Read the full article here (PDF):
Judge Backs Inventor In Suit Over Long-Stalled Patent Apps
Mr. Hyatt’s court wins also received coverage from Bloomberg News.
In a decision last week, the United States District Court for the District of Columbia rejected the PTO’s claim that independent inventor Gilbert Hyatt engaged in unreasonable and abusive delay on his patent applications. Instead, the Court found, the PTO had placed Mr. Hyatt’s applications “in a proverbial Never-Never Land,” blocking Mr. Hyatt from prosecuting them for approximately a decade.
The Court also had stern words for the PTO’s argument that Mr. Hyatt’s litigation prompted it to block progress on his applications:
The suspensions between 2003 and 2012 appear largely to be responses to pending litigation, not the applications, themselves. To the extent PTO resents having had to devise “unusual procedures … that were not needed with respect to other applicants, who for example, did not litigate regarding procedural issue[s] and did not file Section 145 appeals,” the Court finds that sentiment to be somewhere between vexing and outright galling. It takes a certain chutzpah for a government agency to chafe against citizens seeking to vindicate their rights through lawfully available means, even in those cases where the opposing party’s litigious zeal is itself remarkable for any number of reasons.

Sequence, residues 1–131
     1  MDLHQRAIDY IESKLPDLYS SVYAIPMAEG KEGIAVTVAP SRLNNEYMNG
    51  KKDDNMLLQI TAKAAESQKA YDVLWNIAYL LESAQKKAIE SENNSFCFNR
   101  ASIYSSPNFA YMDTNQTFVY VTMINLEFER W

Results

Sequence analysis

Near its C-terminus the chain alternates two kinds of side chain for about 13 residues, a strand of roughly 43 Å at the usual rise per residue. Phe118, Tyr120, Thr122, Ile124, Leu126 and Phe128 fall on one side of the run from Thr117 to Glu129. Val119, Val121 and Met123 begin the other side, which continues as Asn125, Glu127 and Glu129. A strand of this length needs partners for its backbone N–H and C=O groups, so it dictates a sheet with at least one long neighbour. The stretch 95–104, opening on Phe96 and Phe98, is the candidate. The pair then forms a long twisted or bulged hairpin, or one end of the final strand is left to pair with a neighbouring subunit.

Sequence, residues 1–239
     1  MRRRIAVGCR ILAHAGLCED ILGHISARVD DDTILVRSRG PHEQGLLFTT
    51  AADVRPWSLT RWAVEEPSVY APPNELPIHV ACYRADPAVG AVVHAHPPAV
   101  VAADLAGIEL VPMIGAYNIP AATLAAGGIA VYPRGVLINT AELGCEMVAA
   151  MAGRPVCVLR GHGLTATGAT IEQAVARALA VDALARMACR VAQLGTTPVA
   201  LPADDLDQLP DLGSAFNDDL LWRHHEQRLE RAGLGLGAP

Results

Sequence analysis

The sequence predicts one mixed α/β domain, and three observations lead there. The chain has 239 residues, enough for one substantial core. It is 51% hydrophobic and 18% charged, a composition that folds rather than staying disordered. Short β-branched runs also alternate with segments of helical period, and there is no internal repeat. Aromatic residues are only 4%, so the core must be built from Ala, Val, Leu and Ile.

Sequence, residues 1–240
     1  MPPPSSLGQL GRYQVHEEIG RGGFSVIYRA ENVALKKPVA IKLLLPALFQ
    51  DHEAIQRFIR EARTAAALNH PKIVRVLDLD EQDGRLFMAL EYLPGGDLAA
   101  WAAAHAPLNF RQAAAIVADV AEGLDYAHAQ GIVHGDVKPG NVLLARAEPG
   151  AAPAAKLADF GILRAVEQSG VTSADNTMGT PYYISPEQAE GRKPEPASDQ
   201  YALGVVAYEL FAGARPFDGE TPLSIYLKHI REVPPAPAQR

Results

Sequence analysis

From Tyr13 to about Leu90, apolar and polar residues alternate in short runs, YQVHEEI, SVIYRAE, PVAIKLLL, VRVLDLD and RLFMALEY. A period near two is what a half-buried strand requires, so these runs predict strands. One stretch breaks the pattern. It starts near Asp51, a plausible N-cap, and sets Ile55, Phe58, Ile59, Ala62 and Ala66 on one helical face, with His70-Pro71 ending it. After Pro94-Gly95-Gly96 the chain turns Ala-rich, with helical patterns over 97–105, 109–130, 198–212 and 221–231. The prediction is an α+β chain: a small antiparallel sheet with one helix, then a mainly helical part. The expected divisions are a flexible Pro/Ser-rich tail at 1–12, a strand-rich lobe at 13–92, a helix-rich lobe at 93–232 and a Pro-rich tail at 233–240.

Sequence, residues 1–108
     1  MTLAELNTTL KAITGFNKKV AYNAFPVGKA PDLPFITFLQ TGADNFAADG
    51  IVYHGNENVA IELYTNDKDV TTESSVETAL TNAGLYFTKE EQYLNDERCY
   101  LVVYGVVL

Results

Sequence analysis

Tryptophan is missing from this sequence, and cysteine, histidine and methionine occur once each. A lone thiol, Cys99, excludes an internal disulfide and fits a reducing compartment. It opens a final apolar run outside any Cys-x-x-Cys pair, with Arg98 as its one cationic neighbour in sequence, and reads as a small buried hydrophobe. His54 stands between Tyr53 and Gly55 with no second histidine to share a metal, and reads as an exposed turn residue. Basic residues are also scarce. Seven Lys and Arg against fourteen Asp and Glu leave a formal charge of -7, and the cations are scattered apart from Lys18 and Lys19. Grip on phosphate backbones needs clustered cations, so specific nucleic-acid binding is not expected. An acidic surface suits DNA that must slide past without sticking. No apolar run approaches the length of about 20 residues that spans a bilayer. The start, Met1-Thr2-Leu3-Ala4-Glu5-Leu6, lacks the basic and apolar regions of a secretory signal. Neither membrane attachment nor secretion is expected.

Read the full opinion:
Lamberth Laches Decision
In a separate decision, the Court also found that Mr. Hyatt was entitled to the issuance of patents on all three of the applications that went to trial. Read that opinion:
Lamberth Merits Decision
Law360 reports on an analysis by former Commerce Department Inspector General Todd Zinser of the PTO’s secret “SAWS” program to block issuance of patent applications:
In an interview, Zinser said the policy of keeping applicants in the dark about SAWS was “just not right” and the secrecy of the program may have violated federal record-keeping requirements.
“They basically instructed examiners to provide misleading information to applicants. That’s outrageous,” he said. “It’s really bothersome that the leaders of the office would conduct themselves that way, systemically.”